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The Netherley Hillbillies | Royal Court Liverpool

It’s an unwritten rule of comedy, subjective as it may be, that it has to make you laugh, otherwise its overall purpose is pulled into question. This Merseyside-centric tale of rags to riches it has to be said, for the most part, falls short of providing any kind of amusement; in part this could be due to the fact that the humour is aimed at a largely local audience, however, the main issue from which The Netherley Hillbillies suffers, is the uneven and half-hearted writing. The story, based on a sitcom of the same name, follows main protagonist Jed and his formerly working class family, who go from a council house in deprived Netherley to a £78m lottery win, and subsequent move to up-market Formby, but soon come to realise that the grass isn’t always greener on the richer side.


The main big positive one can draw, is that set design by Alfie Heywood spared no expense, providing an impressive backdrop, which comprised a huge rotating set, made up of two neighbouring Formby mansion exteriors, as well as the garage in which the family van is housed. Additionally, the quality of singing, in spite of occasional pitchiness, was pretty solid, though there is never any real clarity provided as to the purpose of the musical numbers, safe for a few moments of respite from the narrative lunacy.


All this aside though, it was difficult to ignore that the comedy itself mostly fell flat, and the majority of jokes failed to land, in no small part due to the distinct lack of universal appeal; this was very much a comedy of tired, overused tropes that didn’t provide anything we hadn’t seen before, and the writing, comic or not, was juvenile, unoriginal, and lacked any degree of subtlety or sophistication; even some form of slapstick being incorporated could have saved this show from falling into the category of forgettable and unfunny.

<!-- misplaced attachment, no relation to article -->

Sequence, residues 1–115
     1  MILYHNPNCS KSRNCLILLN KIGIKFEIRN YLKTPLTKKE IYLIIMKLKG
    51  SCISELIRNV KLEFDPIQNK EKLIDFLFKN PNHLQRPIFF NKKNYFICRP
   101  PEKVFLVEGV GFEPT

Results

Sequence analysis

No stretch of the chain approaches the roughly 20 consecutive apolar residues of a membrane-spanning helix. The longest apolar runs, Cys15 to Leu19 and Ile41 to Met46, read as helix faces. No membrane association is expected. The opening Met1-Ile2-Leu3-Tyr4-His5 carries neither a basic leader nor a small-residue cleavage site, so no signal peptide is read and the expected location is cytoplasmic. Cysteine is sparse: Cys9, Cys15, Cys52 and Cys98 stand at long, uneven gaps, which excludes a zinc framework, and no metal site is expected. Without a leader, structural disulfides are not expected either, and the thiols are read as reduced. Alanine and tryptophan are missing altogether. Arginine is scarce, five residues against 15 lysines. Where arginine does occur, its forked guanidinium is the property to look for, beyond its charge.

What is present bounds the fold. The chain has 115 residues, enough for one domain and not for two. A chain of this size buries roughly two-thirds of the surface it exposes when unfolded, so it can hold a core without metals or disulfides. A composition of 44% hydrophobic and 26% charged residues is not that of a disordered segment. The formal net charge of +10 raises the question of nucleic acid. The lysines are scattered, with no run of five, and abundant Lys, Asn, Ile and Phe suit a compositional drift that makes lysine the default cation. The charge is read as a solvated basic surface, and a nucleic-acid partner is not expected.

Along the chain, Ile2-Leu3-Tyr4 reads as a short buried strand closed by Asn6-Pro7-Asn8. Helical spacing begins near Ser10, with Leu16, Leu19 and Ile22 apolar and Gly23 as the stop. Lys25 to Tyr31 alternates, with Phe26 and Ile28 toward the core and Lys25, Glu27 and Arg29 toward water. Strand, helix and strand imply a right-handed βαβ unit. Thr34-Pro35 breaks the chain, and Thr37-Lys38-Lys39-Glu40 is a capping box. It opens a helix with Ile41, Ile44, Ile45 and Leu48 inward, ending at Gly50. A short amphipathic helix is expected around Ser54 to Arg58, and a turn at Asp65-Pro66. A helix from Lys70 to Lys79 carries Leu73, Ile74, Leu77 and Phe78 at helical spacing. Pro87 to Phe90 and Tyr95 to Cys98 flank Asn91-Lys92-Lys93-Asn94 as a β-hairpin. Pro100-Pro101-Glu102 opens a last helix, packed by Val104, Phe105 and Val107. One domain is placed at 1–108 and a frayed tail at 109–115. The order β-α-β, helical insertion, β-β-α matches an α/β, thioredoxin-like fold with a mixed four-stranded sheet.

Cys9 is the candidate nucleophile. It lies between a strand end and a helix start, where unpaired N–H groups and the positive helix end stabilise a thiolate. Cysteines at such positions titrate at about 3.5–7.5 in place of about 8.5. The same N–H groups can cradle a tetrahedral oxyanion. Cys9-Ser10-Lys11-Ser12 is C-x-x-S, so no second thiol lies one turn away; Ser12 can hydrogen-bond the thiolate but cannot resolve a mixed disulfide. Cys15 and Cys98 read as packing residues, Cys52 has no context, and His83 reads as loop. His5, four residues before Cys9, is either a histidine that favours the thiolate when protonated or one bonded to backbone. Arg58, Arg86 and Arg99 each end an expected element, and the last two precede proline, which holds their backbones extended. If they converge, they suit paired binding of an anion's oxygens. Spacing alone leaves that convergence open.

Props have to be given to the cast it must be said, they did their absolute best with the material with which they had to work, Vicky Entwistle a particular delight for her over-the-top upper-middle class matriarch, and Paul Duckworth as Jed was charming, yet steadfast. That said though, many of the characters themselves weren’t especially endearing, and their respective relationships lacked conviction, though this is mainly down to the writing rather than the performances themselves, with Entwistle’s character in particular having suffered greatly from countless missed opportunities of potential witty remarks.


The sense of protagonist and antagonist just about presents itself, however, given how grating some of the classism based humour became, they pretty much all ended up rolling into one, to the point where you really didn’t know who you should root for. The main takeaway is that this was a comedy that, with better writing and direction, could have been a hit, yet we ended up with a drab, lacklustre piece, which made you feel like you were more likely to win the lottery than find it funny.


The Netherley Hillbillies runs at Royal Court Liverpool until 22nd June - for more information and tickets, you can follow the link here.


⭐️⭐️ (2*)


Gifted tickets in return for an honest review | photography by Stephanie Clare

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